Philippines releases funeral guidelines for COVID-19 fatalities

Arianne Merez, ABS-CBN News

Posted at Mar 25 2020 09:13 PM | Updated as of Mar 26 2020 10:31 AM

MANILA (UPDATE) - The Philippine government released Wednesday guidelines on the handling of the remains of COVID-19 fatalities as it warned funeral service facilities with penalties if they refuse to provide services.

Local government units are tasked to designate funeral service facilities that could handle the remains of COVID-19 fatalities, and to provide financial aid to families of the deceased, Cabinet Secretary Karlo Nograles said.

The cash grant aims to cover logistics, fuel, and other expenses that will be incurred in the funeral process, he explained. The remains should be cremated within 12 hours.

If the deceased is a Muslim, Interior Secretary Eduardo Año said the body of the deceased Muslim should be placed in an air-tight sealed bag and buried in the nearest Muslim cemetery within 12 hours with Muslim rites.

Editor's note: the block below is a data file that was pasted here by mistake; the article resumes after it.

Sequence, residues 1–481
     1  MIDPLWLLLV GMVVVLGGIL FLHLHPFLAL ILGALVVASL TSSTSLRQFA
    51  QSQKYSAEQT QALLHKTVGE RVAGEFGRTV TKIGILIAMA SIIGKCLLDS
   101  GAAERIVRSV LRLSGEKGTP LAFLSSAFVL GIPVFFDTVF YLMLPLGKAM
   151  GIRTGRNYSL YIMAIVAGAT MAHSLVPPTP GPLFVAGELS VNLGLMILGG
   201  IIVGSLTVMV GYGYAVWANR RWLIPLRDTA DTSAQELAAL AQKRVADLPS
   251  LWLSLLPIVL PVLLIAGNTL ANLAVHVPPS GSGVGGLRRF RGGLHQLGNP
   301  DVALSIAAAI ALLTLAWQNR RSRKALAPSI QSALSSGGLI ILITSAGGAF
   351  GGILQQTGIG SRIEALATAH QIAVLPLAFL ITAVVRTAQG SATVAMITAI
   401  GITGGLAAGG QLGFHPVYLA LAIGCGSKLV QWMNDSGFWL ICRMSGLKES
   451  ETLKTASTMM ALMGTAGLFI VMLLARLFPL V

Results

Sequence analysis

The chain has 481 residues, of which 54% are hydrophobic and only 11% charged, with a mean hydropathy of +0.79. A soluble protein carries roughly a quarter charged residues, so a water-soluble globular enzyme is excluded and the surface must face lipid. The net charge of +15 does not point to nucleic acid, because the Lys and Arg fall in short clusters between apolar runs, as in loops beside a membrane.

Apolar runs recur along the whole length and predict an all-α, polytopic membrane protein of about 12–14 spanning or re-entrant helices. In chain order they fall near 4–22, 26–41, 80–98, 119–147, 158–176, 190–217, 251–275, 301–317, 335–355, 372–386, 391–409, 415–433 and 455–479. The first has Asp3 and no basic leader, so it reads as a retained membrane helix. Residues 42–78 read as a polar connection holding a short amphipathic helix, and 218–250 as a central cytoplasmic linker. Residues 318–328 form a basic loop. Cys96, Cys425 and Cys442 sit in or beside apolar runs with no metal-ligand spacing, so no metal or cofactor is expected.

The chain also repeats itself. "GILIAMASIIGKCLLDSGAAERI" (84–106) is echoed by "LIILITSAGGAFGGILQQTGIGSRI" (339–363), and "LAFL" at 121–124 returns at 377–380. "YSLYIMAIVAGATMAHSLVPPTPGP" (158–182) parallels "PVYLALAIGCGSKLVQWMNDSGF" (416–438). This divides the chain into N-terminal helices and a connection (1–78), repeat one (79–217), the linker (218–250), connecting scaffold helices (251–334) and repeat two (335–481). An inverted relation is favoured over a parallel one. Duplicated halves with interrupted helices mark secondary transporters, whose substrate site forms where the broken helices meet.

The national government granted LGUs the authority to put a price cap on funeral services within their jurisdiction.

Funeral homes that refuse to service or transport COVID-19 remains will be penalized by the Department of the Interior and Local Government, Nograles said.

The Department of Social Welfare and Development, meanwhile, was ordered to provide a funeral support fund of P25,000 to poor people who succumbed to the disease (both confirmed and PUIs), regardless if they were under home quarantine or admitted in a hospital.

As of Wednesday afternoon, the COVID-19 death toll in the country stood at 38. The total confirmed cases of the infectious disease, so far, is 636.

The government said earlier that establishments offering funeral services should remain open throughout the month-long Luzon lockdown period since these are needed by the public. Employees of such establishments are exempted from the lockdown.

The Philippine National Police, however, limited wakes in Luzon to the immediate family of the deceased and ministers or officiants, until April 12.

(Editor’s Note: An earlier version of this story stated that the remains of a Muslim person who tested positive for COVID-19 should be cremated. We apologize for this error)